Italy’s Greatest Economic Threat: Italian Politicians
Italian ex-Prime Minister Silvio Berlusconi told news sources last week that his party — Popolo della Libertà — would soon decide whether or not to revoke support for the current technocrat government headed by Prime Minister Mario Monti. Berlusconi’s threat against the Monti government represents why implementation of his polices won’t induce Italian recovery and why financial markets forced him out of office in the first place. His condemnation of Monti’s policies is also indicative of the broader reform-cowardice problem within the entire Italian political establishment.
At the heart of Berlusconi’s dismay with the Monti government is the implementation of “German-style” austerity. He claims that government spending cuts and structural reforms “lead just to recession and pain.” While he is correct in assessing the short-term effects of austerity, he is incorrect in assuming that the long-term effects are the same.
The Baltic States, such as Estonia, are the paragons of austerity. To restore competitiveness, Estonia slashed deeply into public wages and government expenditure in 2009. Flexible labor laws allowed for private sector workers and employers to agree upon wage cuts too. Estonian GDP sharply declined by 14 percent in 2009. Unemployment shot up to 17 percent. But Estonia recorded positive 2 percent growth by the very next year, and unemployment had also declined by 5 percentage points. Growth has since continued to increase and unemployment has since continued to decline. Moreover, Estonian industry has been growing over twice as fast as that of Germany for the past two years, according to Eurostat data. Further, Estonian industrial growth has outperformed that of Italy by threefold in 2010 and by 16-fold 2011. Austerity, done quickly and severely, leads to growth and prosperity in the long run — not recession and pain.
Berlusconi must suffer from amnesia, because he forgets that it was exactly his failure to implement proper austerity measures that forced him from office in November 2011 and put Monti in his place. As the spread between Italian and German bonds soared last fall, markets expressed their rejection of Berlusconi’s cowardice in implementing bold reform.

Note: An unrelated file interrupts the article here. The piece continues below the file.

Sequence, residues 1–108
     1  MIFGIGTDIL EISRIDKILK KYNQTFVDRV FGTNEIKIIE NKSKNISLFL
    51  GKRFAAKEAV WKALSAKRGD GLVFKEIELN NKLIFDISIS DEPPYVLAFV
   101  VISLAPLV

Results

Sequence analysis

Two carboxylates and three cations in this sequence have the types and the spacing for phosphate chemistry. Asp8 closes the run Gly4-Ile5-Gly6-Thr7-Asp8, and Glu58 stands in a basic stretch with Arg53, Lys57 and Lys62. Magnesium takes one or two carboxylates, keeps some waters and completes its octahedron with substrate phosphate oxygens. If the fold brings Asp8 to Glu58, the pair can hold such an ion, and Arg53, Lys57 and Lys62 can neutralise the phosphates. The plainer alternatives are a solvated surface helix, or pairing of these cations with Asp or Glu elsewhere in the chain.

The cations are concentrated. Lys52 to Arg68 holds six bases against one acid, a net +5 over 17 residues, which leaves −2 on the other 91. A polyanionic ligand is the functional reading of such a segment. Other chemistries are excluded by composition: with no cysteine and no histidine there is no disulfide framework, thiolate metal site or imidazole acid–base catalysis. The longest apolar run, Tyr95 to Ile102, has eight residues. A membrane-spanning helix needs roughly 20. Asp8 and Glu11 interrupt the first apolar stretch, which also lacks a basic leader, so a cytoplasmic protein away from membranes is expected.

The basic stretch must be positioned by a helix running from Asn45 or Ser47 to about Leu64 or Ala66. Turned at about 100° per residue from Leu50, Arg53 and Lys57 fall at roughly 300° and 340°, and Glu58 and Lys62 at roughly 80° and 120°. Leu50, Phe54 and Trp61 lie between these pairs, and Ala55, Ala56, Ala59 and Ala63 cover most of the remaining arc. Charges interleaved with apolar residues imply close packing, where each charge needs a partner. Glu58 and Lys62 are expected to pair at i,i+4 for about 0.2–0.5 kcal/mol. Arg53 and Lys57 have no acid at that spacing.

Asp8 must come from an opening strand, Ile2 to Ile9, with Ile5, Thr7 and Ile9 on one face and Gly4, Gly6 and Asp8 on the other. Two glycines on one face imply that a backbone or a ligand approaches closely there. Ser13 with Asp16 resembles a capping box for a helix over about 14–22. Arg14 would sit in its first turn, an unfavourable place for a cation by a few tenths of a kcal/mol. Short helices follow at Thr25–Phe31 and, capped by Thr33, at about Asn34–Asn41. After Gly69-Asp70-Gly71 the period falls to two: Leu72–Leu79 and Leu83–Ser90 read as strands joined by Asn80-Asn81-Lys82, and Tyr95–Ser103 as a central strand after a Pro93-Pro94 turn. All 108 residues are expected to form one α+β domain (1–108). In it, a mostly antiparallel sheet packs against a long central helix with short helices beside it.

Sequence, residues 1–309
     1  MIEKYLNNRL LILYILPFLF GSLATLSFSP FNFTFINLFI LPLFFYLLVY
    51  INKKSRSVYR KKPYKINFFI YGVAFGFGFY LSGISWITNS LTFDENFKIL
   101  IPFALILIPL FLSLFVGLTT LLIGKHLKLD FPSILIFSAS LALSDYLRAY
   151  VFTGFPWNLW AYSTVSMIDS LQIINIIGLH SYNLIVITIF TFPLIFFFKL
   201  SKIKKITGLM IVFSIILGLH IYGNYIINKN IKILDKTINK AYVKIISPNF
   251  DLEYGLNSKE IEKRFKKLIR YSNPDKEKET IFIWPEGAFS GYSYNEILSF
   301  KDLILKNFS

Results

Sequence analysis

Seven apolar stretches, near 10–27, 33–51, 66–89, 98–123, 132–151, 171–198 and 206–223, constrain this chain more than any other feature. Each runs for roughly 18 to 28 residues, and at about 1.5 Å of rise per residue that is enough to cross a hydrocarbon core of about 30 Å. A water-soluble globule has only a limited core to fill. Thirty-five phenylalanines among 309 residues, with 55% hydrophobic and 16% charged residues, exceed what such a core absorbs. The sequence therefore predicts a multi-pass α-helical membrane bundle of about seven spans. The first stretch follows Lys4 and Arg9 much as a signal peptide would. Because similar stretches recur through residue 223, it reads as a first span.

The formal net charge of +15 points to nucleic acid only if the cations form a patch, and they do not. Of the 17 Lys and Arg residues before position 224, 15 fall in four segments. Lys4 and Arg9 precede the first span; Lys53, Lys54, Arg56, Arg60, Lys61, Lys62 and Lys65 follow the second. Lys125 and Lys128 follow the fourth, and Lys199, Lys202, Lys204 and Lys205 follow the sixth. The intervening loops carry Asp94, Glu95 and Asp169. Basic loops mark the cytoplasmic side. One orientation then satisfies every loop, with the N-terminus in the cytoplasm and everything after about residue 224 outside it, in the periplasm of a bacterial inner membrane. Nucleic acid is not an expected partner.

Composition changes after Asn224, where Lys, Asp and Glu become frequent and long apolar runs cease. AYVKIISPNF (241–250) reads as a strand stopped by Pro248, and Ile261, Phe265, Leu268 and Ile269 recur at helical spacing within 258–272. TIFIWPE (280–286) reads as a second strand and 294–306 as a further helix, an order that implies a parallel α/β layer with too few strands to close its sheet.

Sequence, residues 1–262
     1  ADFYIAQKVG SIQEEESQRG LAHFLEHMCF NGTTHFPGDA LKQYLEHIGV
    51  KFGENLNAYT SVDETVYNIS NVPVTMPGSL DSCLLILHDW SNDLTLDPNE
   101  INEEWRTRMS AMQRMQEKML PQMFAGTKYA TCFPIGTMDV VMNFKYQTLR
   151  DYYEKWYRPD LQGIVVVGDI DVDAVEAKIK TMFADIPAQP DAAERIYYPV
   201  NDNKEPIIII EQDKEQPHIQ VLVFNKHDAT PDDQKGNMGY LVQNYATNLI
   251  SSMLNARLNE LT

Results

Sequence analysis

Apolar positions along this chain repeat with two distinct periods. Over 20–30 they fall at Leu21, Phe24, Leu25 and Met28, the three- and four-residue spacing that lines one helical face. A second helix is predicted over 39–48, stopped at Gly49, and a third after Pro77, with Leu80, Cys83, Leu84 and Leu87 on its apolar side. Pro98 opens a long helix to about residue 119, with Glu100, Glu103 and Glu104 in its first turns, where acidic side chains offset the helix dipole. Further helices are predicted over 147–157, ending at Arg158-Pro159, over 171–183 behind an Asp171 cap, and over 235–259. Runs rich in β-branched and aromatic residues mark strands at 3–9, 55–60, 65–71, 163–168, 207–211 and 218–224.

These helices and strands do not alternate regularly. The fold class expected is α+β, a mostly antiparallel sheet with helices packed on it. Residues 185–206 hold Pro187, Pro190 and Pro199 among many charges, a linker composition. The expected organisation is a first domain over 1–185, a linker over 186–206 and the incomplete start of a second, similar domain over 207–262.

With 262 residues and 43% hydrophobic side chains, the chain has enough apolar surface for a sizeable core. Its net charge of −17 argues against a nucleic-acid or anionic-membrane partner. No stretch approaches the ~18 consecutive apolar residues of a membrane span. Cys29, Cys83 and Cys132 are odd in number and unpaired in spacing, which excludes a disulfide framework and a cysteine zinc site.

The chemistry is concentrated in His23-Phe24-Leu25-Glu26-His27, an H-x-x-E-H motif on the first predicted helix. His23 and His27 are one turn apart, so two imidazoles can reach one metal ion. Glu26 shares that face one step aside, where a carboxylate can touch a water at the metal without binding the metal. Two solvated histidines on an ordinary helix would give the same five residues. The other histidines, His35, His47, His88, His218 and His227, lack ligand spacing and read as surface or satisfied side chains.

Market fears were rightly founded. Italy is badly in need of coliseum-sized economic repairs.
The Italian labor market, in which firing an employee for poor performance is illegal and rehiring said employee is mandatory, is the most inflexible labor market in Europe. According to numbers from Datagiovani, these protections cover over half of all private sector workers. But stringent employment protections cover a whopping 87 percent of the entire private workforce upon accounting for regulations stipulating that smaller firms can choose between rehiring a dismissed employee or paying up to 14 months of severance. Italy needs employment flexibility so that hiring a new employee is not so risky and businesses aren’t afraid to grow.
Italy’s legal system needs an overhaul too. On average, it takes roughly 3.5 years to adjudicate a single lawsuit, giving property rights a shaky foundation. Of all OECD high-income countries, Italy ranks dead last in contract enforcement according to the World Bank.
Government corruption compounds the problems of an economically destructive regulatory state and a court system lacking in the protection of property rights. According to Transparency International’s 2011 Corruption Perceptions Index, Italy is the most corrupt country in Western Europe. Ironically, a Milan court just convicted Berlusconi last week for having evaded €270 million euro in taxes — a fraud from which he undoubtedly hid for years because of his position within the government and the Italian political system. It’s no surprise he wants to boot Monti from government and return to business-as-usual.
As “Il Caviliere” threatens the revocation of his party’s support for the Monti government, he threatens the small progress that Monti has already made in repairing Italy’s fundamental economic issues and he imperils the potential for future reform. The Italian political class—which relies on buying votes through corrupt public contracts, state employment, and regulation catered to special interests—is beholden to the unsustainable status quo.
Berlusconi’s rejection of austerity is a broader rejection of change. In ousting him from government last November, markets proved how seriously they take reform as a condition for financing Italy’s sky-high debt pile.
Italy needs rapid and significant market-oriented changes, not more spending to prop up an impossible economic structure. The return of Italian politicians to Italian government is a proposition that Italy simply can’t afford.